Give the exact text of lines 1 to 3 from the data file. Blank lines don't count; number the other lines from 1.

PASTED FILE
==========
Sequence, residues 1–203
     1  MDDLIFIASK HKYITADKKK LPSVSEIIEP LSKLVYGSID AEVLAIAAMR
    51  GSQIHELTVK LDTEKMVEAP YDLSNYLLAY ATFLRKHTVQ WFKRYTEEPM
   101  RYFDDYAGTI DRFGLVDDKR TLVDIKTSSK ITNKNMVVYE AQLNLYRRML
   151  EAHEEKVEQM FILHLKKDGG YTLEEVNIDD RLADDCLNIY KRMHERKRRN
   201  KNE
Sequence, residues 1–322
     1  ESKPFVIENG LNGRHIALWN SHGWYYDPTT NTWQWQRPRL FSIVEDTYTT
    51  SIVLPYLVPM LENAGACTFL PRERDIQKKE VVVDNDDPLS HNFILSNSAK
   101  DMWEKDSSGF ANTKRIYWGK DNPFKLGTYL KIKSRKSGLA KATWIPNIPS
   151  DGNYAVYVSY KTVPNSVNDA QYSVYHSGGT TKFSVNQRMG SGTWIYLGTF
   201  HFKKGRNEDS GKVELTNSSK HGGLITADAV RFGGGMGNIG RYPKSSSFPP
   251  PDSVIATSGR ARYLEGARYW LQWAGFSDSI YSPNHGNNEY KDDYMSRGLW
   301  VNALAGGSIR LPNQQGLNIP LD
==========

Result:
Sequence, residues 1–203
     1  MDDLIFIASK HKYITADKKK LPSVSEIIEP LSKLVYGSID AEVLAIAAMR
    51  GSQIHELTVK LDTEKMVEAP YDLSNYLLAY ATFLRKHTVQ WFKRYTEEPM